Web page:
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VA Leaders, Groups Weigh in on Voting Rights Act Ruling - NBC29 WVIR Charlottesville, VA News, Sports and Weather

VA Leaders, Groups Weigh in on Voting Rights Act Ruling

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Tuesday the U.S. Supreme Court struck down parts of the landmark Voting Rights Act. The ruling has alarmed some legislatures and civil rights groups - but how will it affect voting in Virginia? 

The Supreme Court's decision struck down part of the Voting Rights Act of 1965, passed during the height of the civil rights movement. Many in Virginia are weighing in. Groups such as Virginia Organizing are calling it a setback, saying: "Virginia Organizing is disappointed in the decision of the U.S. Supreme Court on the Voting Rights Act. This important law made it clear that our nation would not tolerate systemic oppression of certain people groups." 

Attorney General Ken Cuccinelli released a statement Tuesday, saying: "Regardless of the court's decision, legal mechanisms remain in place to safeguard the vote of Virginia's citizens."

While opinions are strong, University of Virginia professor Mike Gilbert says it will take time before the impact of the ruling is truly seen. "It could be that we don't need this provision of the Voter Rights Act anymore," he said. "The historical discrimination is largely eradicated and things will work just fine without all this bureaucratic red tape and that would be great, but it could also go the other way."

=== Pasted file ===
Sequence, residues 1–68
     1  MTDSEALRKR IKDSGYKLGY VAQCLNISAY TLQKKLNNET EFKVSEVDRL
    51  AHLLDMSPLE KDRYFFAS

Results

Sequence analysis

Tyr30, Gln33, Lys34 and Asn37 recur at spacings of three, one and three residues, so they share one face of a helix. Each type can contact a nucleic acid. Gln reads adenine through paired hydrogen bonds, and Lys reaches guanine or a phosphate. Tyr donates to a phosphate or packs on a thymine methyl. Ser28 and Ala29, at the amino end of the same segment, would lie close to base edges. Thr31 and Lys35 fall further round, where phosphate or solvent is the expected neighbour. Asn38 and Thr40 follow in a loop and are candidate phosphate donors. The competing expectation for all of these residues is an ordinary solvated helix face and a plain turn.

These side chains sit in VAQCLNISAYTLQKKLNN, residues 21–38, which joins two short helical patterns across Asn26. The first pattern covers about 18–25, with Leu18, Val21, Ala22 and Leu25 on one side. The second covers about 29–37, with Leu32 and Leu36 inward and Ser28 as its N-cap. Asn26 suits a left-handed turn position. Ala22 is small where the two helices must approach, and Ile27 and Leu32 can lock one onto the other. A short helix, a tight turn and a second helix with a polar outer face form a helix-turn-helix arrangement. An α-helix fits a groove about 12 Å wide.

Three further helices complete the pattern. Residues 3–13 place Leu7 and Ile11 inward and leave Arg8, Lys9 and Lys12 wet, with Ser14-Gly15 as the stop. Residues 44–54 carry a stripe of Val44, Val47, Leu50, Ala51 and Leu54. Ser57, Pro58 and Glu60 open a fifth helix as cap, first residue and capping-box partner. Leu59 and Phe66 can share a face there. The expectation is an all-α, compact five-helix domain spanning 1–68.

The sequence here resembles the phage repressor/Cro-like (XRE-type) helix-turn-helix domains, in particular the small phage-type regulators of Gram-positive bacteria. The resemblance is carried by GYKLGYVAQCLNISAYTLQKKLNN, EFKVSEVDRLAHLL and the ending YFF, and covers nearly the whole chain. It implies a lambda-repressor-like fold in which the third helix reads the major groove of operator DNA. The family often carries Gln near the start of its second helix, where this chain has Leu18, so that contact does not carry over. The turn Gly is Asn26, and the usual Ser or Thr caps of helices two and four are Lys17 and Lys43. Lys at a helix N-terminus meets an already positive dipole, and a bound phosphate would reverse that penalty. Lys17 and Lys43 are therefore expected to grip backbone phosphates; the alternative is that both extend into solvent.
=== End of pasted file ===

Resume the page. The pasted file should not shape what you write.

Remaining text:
The ruling also puts in limbo two laws signed by Governor Bob McDonnell earlier this year, including one that will require voters to have a photo ID at the polls. "I don't think we can send them to the Justice Department because we don't have a law by which to judge if Virginia should be pre-cleared," McDonnell said. 

The ruling goes into effect on July 14. While Congress has the opportunity to weigh in with new criteria for the nine voting rights states, if it doesn't, those new laws may be at a standstill. "I think it could if there's no new law put in place by Congress by July 14. Does it go into effect without pre-clearance?" McDonnell said. 

Congress now has the opportunity to step in and provide a new coverage formula to the Supreme Court.

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